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Home » Your Eye Health » Eye Benefits of Vitamins and Micronutrients

Eye Benefits of Vitamins and Micronutrients

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A well-balanced diet for your eyes must consist of colorful vegetables and fruit. For good vision it's critical to include the following vitamins, minerals and other nutrients, which could protect your eyes from sight-robbing disorders and diseases.

Including these foods in your diet will assist your acquiring the Recommended Dietary Allowance (RDA) of these crucial eye nutrients. Endorsed by the Institute of Medicine (National Academy of Sciences), the RDA is the average daily dietary intake level of a nutrient sufficient to meet the needs of almost all healthy people in a certain place in life and gender group.

While the RDA is a useful resource, some eye care specialists advocate increased daily intakes of specific nutrients for those at risk for eye problems.

(In the following list, mg = milligram; mcg = microgram (1/1000 of a mg) and IU = International Unit.)

Beta-carotene

– Eye benefits of beta-carotene: Beta-carotene could decrease the advancement of macular degeneration, when taken together with zinc and vitamins C and E.
– Food sources: Sweet potatoes, carrots, kale, spinach, butternut squash.
– RDA: None (most supplements contain 5,000 to 25,000 IU).

Bioflavonoids (Flavonoids)

Eye assets of bioflavonoids: Could defend against macular degeneration and cataracts.
– Food sources: Red wine, tea, bilberries, citrus fruits, cherries, blueberries, soy products, legumes.
– RDA: None.

Lutein and Zeaxanthin

Eye benefits of lutein and zeaxanthin: May prevent cataracts and macular degeneration.
– Food sources: Spinach, kale, turnip greens, collard greens, squash.
-RDA: None.

Omega-3 Fatty Acids

– Eye perk of omega-3 fatty acids: Could help to counter macular degeneration (AMD) and dry eyes.
– Food sources: Cold-water fish like mackerel, salmon and herring; freshly ground walnuts and flaxseeds, fish oil supplements.
– RDA: None; but for cardiovascular benefits, the American Heart Association advises about 1,000 mg daily.

Selenium

– Eye plusses of selenium: May decrease the risk of advanced AMD when taken with carotenoids and vitamins C and E.
– Food sources: Brazil nuts, seafood (crab, shrimp, halibut, salmon), brown rice, enriched noodles.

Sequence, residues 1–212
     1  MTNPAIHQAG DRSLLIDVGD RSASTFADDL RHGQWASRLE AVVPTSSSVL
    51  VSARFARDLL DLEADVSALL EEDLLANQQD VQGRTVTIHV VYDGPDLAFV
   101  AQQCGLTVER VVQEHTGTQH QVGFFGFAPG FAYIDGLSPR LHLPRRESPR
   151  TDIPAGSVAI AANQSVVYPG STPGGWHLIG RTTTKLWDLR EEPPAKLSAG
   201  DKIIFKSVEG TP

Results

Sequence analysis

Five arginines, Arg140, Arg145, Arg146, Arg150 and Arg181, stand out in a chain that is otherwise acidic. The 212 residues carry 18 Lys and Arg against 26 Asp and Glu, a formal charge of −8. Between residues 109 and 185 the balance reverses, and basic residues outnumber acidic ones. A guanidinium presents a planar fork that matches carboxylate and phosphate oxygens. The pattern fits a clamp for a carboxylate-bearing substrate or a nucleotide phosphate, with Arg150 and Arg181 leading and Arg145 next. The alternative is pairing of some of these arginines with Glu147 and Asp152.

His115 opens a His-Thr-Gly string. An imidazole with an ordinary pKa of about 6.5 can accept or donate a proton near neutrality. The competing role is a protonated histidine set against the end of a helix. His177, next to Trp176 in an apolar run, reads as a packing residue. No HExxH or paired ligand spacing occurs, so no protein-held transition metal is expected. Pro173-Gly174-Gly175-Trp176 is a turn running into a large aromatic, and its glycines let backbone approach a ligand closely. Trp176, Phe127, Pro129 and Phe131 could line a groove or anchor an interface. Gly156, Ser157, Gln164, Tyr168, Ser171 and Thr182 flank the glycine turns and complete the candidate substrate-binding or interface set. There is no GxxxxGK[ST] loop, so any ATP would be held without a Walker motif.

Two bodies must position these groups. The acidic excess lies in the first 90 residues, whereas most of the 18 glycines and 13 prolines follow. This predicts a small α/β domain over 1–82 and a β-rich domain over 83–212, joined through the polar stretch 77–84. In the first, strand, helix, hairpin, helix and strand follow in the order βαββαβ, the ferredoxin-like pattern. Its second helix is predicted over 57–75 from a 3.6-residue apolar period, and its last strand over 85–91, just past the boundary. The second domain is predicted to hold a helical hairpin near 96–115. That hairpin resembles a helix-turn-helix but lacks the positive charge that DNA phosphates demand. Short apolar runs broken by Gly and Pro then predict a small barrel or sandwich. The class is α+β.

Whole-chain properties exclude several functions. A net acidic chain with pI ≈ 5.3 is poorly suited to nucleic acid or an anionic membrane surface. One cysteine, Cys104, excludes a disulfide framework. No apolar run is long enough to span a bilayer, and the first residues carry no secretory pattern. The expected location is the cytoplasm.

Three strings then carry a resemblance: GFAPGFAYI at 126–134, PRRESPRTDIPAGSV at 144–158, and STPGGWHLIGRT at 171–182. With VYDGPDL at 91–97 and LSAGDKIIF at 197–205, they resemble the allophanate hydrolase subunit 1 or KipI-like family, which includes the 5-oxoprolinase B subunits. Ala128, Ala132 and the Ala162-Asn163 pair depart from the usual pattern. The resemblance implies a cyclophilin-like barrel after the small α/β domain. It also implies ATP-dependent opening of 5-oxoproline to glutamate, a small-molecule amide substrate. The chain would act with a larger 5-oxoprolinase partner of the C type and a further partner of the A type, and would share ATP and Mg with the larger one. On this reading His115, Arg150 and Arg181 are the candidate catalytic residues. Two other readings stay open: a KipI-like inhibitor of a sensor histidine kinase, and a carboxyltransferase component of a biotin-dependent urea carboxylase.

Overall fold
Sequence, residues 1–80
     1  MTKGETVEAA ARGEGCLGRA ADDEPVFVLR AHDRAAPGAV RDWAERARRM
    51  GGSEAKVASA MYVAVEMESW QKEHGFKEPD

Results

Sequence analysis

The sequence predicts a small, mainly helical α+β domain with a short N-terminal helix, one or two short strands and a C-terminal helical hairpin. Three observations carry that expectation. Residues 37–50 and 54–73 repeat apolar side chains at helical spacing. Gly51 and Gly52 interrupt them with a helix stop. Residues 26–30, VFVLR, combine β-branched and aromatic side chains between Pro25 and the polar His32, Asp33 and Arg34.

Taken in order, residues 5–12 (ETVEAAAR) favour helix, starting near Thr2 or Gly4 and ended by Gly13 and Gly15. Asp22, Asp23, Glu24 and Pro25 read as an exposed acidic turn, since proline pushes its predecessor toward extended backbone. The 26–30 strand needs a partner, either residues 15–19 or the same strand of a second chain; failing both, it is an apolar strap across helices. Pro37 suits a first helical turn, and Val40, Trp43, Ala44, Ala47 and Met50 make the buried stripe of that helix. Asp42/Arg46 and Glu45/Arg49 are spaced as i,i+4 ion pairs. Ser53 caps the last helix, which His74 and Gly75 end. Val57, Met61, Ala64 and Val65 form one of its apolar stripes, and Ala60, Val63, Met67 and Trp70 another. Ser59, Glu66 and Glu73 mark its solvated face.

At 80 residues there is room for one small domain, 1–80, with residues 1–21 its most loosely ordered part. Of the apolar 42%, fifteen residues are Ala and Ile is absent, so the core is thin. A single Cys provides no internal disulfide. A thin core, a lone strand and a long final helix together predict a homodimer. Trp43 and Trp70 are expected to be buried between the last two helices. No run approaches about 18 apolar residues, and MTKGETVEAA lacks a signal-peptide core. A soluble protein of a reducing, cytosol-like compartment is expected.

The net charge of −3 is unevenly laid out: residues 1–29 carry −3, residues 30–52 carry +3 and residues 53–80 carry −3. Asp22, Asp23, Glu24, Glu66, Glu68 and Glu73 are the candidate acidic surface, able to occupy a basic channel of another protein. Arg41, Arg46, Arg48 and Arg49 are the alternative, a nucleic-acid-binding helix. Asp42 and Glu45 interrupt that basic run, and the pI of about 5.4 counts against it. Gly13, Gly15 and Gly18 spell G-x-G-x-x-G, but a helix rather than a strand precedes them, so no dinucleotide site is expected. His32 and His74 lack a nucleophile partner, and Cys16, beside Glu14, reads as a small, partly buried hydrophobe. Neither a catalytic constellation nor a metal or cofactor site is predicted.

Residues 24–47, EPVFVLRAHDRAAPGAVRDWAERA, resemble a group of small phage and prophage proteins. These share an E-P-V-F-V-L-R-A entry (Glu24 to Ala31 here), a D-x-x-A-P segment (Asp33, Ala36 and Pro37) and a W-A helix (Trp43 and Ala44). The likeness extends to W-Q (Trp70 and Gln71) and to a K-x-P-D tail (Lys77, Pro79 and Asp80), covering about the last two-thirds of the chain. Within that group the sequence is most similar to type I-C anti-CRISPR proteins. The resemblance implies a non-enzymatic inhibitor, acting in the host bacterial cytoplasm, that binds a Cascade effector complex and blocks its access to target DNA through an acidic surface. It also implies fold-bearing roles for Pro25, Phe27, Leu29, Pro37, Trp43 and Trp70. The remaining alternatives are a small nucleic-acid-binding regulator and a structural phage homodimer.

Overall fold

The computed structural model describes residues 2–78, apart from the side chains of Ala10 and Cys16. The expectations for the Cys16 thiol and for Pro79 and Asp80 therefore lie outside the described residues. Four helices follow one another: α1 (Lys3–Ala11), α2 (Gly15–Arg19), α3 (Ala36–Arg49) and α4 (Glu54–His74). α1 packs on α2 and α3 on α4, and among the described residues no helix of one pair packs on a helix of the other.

– RDA: 55 mcg for teens and adults (60 mcg for women while pregnant and 70 mcg when nursing).

Vitamin A

-Eye benefits of vitamin A: Could help with dry eyes and night blindness.
– Food sources: Chicken or beef liver; butter, eggs, milk. RDA: 3,000 IU for men; 2,333 IU for women (2,567 IU while pregnant and 4,333 IU when breast-feeding).

Vitamin C

– Eye benefits of vitamin C: Could lessen the risk of cataracts and macular degeneration. Food sources: Kale, sweet peppers (red or green), broccoli, strawberries, cantaloupe, oranges.
– RDA: 90 mg for men; 70 mg for women (85 mg during pregnancy and 120 mg when breast-feeding).

Vitamin D

– Eye benefits of vitamin D: Could counter the chance of macular degeneration.
– Food sources: Sardines, salmon, milk, mackerel, orange juice fortified with vitamin D.
– RDA: None, however,the American Academy of Pediatrics advises 400 IU per day for infants, kids and teens, and many authorities advocate higher daily intakes for adults.
– The superior source of vitamin D is exposure to sunlight. Ultraviolet radiation from the sun sparks production of vitamin D in human skin, and only a few minutes of exposure to sunlight every day (without sunblock) will insure your body is attaining the proper amounts of vitamin D.

Vitamin E

-Eye dividends of vitamin E: May lessen the risk of advanced AMD when taken together with carotenoids and vitamin C.
– Food sources: Hazelnuts, almonds sunflower seeds.
– RDA: 15 mg for teens and adults (15 mg for women when pregnant and 19 mg when nursing).

Zinc

-Eye perks of zinc: Assists vitamin A lessen the chance of night blindness; could aid in reducing risk of advanced AMD.
– Food sources: Beef, oysters, turkey (dark meat), Dungeness crab.
– RDA: 11 mg for men; 8 mg for women (11 mg during pregnancy and 12 mg when breast-feeding).

Generally, it's great to get most nutrients through a healthy diet, for example, a minimum of two servings of fish per week and lots of colorful vegetables and fruits.

If you intend to start a regimen of eye vitamins, it's advisable to talk it over with your optometrist or ophthalmologist. Overtaking of specific vision supplements can cause issues, particularly if you are taking prescription medications for health problems.